“Not the Army,” Sarge admitted, “but the Atlantean Reserve Emergency Army. It’s a different entity, and much more successful.”

“Ah,” the stallion nodded. “The Army wasn’t any good anyway. Too poorly trained and stripped down in favor of naval forces.”

“But we can’t be everywhere at once. Even with the Queen’s planned merger to place the Army under AREA’s jurisdiction, we just don’t have the numbers. Is there anything you can do to help?”

The stallion swung on his bench swing for a minute as he gathered his thoughts. The swing creaked from age and the tops of the trees around whistled in the wind they blocked from reaching the ground. Slowly, the rest of Sarge’s detachment gathered around to camp for the night, hanging hammocks from branches rather than erecting tents.

“I’m too old to fight, as you can see,” the stallion said. “My fighting days are long done. But if you ever need a place to rest, don’t hesitate to stop by.” He closed his eyes and leaned back for a second, exposing a small gold medal tucked under his jacket.

“Forgive me for asking, sir, but where did you get that medal?” Sarge asked.

The stallion opened his jacket, showing half a dozen different medals and awards. “This one?” he asked, gesturing to the most prominent medal. It was pinned to the jacket near the top and bore a decorative purple and gold embroidery.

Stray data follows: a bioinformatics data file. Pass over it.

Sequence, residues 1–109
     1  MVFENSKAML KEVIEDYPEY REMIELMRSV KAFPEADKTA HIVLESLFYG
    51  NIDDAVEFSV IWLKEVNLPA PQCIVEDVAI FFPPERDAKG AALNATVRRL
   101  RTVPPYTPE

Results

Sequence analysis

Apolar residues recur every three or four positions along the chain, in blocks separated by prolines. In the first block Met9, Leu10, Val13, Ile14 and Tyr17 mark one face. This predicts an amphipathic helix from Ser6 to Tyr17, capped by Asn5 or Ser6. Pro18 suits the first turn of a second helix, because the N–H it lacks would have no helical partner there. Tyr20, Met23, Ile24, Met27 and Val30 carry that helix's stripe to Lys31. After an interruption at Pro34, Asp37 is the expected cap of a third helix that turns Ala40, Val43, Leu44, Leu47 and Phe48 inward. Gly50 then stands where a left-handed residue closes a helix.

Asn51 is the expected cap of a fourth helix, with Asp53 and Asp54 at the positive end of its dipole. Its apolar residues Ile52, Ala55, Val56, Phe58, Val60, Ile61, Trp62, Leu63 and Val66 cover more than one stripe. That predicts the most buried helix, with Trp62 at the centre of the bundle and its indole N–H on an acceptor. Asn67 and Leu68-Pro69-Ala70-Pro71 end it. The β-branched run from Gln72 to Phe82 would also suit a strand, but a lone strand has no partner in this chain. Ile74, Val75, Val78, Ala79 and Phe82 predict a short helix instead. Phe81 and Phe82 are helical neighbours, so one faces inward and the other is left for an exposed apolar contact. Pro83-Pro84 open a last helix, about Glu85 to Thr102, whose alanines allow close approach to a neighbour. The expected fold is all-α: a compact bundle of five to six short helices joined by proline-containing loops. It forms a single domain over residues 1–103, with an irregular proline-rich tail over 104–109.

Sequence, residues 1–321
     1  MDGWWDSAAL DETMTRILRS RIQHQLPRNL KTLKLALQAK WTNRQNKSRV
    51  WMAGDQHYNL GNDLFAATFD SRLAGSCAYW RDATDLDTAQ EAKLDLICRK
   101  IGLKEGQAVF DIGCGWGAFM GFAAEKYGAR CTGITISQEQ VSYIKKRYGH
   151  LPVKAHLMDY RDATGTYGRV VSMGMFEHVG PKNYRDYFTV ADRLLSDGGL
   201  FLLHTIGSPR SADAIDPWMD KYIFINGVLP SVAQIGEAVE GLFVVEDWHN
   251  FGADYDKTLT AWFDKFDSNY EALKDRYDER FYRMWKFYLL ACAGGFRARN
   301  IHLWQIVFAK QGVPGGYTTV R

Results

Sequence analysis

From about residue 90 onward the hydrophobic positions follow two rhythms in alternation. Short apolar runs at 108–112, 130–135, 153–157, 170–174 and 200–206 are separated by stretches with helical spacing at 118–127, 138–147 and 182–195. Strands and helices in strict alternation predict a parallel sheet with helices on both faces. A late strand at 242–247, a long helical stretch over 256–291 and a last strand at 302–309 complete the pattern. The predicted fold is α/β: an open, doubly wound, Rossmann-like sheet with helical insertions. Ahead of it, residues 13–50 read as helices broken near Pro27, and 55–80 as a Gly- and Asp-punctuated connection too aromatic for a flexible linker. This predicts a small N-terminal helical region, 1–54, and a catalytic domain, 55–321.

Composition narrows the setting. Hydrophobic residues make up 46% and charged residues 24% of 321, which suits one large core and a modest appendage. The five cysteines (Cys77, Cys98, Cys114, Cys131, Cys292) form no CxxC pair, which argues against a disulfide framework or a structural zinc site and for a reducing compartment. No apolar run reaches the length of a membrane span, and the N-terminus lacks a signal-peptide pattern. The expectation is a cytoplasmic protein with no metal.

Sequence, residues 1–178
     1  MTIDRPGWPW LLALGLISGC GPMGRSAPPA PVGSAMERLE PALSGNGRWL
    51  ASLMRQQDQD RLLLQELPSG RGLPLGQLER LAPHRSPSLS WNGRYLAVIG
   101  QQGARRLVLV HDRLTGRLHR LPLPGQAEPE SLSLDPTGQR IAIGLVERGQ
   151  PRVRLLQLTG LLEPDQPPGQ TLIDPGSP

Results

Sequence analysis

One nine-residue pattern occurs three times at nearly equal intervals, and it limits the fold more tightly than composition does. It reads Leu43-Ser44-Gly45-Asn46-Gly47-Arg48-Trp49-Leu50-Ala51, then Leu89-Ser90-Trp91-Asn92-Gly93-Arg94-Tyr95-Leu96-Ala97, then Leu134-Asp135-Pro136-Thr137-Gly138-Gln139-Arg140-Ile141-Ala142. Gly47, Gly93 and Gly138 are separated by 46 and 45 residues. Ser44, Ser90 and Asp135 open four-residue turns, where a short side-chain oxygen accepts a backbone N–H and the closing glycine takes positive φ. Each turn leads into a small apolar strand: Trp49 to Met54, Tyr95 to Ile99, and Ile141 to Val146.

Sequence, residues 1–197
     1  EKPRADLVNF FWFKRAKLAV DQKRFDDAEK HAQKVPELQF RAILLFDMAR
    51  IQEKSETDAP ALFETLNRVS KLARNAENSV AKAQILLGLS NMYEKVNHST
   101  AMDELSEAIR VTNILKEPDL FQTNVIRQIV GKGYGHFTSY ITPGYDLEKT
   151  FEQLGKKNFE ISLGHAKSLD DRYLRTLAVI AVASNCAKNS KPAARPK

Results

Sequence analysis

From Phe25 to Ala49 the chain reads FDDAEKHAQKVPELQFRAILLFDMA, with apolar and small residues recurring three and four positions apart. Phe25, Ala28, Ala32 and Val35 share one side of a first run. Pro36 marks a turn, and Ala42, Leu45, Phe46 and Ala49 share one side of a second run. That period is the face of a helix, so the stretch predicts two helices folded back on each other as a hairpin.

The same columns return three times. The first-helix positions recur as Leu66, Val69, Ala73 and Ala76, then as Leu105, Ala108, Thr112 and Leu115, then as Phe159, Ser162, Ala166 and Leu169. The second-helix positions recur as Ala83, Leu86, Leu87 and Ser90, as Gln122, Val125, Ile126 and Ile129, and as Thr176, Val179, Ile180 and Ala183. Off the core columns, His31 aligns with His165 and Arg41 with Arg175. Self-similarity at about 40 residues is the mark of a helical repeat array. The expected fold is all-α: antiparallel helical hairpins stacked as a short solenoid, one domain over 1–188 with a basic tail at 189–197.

Sarge nodded affirmance.

“This is a hand-me-down from my grandfather and his grandfather before him about six times, from my dozen-great grandfather. He fought in the Revolution at Emberforge.”

It took a second for Sarge to realize the significance. History had a tendency to repeat itself, and this war was no different. “Emberforge,” he breathed. “The Emberforge Stand. It’s one of the most famous battles of the time. Even the Doms recognize it as a great fight, and they thought of us as weak-willed farmers!”

The stallion smiled. “And so they do, because it was a great battle. My dozen-great grandfather, Mythic Spirit, was there. That battle solidified our independence, but it also showed us that ponies weren’t the only ones willing to fight. Thestrals fought and died there and were buried heroes. In fact, as I recall, the entire Neptune thestral line died there minus their youngest, whom they left in his care. She later revived her family line and honored their sacrifice with a monument to stand the test of time.”